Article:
I, for one, loved words. I read many books with large words in them, and so I was always asking my mother what they meant, or look
...more
David
Sep 09, 2013 David rated it really liked it  ·  review of another edition
Reading "grown-up" literature is excavating the human soul, the adult soul: a mangled mess of contradictions and self-deceptions, screwy motives and the odd self-adherent logic of artistic creation. But Literature (capital ell) is a pyrrhic battle between message and evasion: one must avoid moralizing outright, must avoid overt allegory, but must never be too subtle, too veiled, lest you be resigned to snobby undergrabs and many rubbish bins. The Phantom Tollbooth is a strange beast: decidedly a ...more
Peter
When he left the Navy, Norton Juster began writing a non-fiction book about urban planning. As an outlet from the grueling work, though, he spent his free time concocting the imaginative scenes that later became The Phantom Tollbooth. One publisher’s advance later, he gave up on the scholarly work and finished The Phantom Tollbooth instead. And we’re all better off for it.

Part Alice in Wonderland, part secular Pilgrim’s Progress, The Phantom Tollbooth takes ten year-old Milo on a journey out of
...more
Mariel
Nov 29, 2010 Mariel rated it it was amazing  ·  review of another edition
Recommends it for: mathletes
Recommended to Mariel by: puny punners
Norton Juster's The Phantom Tollbooth made me happy. I loved the puns and playfulness. Even a dumb kid like me could appreciate the cool jokes. It's the language of words and numbers in a place that you can actually reach. Not "Learning is fun!" propaganda but "Hurry up, slow poke!" adventure stories in the vein of all the best ones. It's good for you.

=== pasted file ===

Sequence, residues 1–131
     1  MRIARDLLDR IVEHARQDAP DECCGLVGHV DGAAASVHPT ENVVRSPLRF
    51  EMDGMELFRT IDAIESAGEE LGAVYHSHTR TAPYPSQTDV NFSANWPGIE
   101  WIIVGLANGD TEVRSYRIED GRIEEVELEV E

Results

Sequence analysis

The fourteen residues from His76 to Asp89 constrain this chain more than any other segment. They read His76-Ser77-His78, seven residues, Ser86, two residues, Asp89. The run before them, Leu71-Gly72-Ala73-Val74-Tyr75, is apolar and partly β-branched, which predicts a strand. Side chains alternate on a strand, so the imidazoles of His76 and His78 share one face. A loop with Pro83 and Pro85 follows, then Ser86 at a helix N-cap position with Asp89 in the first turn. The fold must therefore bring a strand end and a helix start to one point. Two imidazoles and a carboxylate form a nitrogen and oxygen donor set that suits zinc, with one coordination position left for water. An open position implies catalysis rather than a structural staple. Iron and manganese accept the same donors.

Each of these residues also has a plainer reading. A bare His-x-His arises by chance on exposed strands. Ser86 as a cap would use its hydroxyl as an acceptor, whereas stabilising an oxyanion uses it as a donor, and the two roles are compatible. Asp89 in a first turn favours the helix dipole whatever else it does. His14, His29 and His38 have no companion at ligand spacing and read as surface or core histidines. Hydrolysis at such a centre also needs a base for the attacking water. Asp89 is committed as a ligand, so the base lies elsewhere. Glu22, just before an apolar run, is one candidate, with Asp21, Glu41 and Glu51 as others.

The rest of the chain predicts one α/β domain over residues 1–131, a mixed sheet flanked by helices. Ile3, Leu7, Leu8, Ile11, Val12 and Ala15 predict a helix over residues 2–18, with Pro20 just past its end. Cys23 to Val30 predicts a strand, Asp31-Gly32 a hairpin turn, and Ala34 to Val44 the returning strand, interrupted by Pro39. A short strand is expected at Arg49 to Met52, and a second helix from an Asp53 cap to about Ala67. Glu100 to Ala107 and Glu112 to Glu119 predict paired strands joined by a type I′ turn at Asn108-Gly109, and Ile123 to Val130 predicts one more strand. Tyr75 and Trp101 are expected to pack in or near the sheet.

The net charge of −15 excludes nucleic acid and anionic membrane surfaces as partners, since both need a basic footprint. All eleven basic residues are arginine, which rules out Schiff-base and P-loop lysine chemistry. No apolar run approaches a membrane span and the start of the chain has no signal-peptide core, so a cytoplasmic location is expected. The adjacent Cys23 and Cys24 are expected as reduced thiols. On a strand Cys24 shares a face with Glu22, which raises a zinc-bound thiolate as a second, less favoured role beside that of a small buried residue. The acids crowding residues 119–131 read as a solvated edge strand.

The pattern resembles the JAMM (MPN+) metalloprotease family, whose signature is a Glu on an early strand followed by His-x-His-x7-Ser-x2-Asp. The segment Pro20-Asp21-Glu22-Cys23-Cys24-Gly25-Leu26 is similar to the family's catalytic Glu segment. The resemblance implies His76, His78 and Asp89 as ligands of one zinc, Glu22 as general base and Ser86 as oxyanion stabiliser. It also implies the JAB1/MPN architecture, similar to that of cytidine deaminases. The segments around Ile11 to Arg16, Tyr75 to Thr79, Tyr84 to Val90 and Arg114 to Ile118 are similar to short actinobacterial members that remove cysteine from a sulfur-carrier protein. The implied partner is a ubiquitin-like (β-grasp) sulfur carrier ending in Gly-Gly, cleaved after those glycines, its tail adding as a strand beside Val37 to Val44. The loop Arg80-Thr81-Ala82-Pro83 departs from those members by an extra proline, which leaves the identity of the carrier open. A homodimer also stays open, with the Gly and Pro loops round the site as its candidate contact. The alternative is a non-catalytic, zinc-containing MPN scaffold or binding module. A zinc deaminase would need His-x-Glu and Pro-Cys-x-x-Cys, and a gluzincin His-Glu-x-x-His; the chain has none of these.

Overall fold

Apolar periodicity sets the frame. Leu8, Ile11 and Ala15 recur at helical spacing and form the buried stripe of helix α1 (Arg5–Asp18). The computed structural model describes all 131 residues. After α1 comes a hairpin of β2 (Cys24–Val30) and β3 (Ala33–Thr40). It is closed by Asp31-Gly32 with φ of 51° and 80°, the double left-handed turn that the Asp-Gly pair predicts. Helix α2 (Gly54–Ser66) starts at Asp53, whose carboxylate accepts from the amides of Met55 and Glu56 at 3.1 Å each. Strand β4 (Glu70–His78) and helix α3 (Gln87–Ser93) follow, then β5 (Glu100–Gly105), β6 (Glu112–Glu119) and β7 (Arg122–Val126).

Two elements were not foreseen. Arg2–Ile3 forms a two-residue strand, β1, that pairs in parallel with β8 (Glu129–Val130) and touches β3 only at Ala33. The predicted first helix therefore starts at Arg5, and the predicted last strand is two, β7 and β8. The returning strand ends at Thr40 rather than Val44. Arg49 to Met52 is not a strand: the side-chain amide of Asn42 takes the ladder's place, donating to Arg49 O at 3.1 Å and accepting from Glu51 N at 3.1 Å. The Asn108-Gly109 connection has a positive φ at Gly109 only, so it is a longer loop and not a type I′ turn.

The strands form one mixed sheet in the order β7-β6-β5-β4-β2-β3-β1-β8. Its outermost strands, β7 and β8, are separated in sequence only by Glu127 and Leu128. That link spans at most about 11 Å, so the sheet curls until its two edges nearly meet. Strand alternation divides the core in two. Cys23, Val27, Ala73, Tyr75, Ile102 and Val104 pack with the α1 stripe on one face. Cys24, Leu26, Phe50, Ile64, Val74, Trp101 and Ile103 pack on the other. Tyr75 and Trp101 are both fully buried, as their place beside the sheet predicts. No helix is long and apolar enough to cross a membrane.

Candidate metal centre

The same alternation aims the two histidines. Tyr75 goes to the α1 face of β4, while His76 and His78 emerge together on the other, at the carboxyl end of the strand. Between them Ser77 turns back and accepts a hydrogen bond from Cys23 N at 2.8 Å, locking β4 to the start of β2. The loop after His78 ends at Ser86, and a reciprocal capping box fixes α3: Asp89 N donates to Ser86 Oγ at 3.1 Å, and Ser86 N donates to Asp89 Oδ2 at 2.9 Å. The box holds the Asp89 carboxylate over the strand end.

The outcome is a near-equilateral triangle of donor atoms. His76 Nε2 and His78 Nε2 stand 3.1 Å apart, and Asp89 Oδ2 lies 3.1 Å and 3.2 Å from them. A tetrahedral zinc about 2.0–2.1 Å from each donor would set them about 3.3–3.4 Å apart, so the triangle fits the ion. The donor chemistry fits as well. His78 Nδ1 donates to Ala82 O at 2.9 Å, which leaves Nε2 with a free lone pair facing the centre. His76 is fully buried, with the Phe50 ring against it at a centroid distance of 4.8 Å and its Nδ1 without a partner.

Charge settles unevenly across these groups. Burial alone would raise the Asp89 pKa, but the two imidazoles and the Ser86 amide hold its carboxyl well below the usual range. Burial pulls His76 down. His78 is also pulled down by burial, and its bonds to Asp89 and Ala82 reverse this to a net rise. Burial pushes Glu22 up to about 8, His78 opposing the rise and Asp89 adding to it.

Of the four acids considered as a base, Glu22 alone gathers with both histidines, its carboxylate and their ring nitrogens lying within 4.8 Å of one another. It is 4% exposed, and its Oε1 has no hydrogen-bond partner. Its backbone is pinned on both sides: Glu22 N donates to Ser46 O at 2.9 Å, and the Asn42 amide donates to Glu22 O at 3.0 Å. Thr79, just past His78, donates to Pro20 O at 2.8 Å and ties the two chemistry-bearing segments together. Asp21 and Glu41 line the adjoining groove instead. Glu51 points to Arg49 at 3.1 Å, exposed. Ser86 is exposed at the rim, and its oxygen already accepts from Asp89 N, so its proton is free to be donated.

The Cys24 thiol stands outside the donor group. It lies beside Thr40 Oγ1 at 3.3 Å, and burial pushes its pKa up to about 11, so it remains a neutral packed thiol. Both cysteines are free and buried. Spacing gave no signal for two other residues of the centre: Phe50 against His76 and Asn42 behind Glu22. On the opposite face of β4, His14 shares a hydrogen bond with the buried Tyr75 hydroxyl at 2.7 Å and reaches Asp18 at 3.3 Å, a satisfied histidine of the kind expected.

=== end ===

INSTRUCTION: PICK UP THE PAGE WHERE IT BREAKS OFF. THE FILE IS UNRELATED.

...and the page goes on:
I loved that Milo wanted to be away when he was home and away when he was home. No phantom tollbooth ever appeared to take me away (at least that
...more
Katie
Oct 25, 2013 Katie rated it it was amazing  ·  review of another edition
"In this box are all the words I know," he said. "Most of them you will never need, some you will use constantly, but with them you ask all the questions which have never been answered and answer all the questions which have never been asked. All the great books of the past and all the ones yet to come are made with these words. With them there is no obstacle you cannot overcome. All you must learn to do is use them well and in the right places."

"And remember also," added the Princess of Sweet R
...more
Book Concierge
Illustrations by Jules Feiffer

From the book jacket - Through the Phantom Tollbooth lies a strange land and a series of even stranger adventures in which Milo meets some of the most logically illogical characters ever met on this side or that side of reality, including King Azaz the Unabridged, unhappy ruler of Dictionopolis; the Mathemagician; Faintly Macabre, the not-so-wicked Which; and the watchdog Tock, who ticks.

My Reactions
I’ve been hearing about this book forever, but never read it befor
...more
Drew
Feb 19, 2012 Drew rated it really liked it  ·  review of another edition
I've always read ravenously, but when I was younger, I didn't really understand the idea of going out and trying to find good books to read. Instead, I'd read the handful of books I had over and over again. Not that I only had a handful. At the head of my bed, there was a compartment maybe two feet wide, one foot deep, and one and a half tall, which was always full of books.* I'd stuff it so tight some of the books would come out warped, and I vaguely remember once having trouble getting any of ...more
rebecca
Nov 02, 2007 rebecca rated it liked it  ·  review of another edition
Recommends it for: hmmm...
Shelves: readandloved
oh man. it's like amelia badelia for halfway-grownups.

here's what i think of when i think of the phantom tollbooth:

-people trying (and failing) to feed themselves with five-foot long spoons
-people having to (but not wanting to) eat their words
-semi-philosophical ideas about time and being and the way people treat themselves and each other*


what a doozy of a book! is it enough to say that i la-la-love it? no? okay, well let me add this: i think you should read it. really.

and yes, i do mean YOU sp
...more
Terence
Jun 05, 2011 Terence rated it it was amazing  ·  review of another edition
Recommends it for: Anyone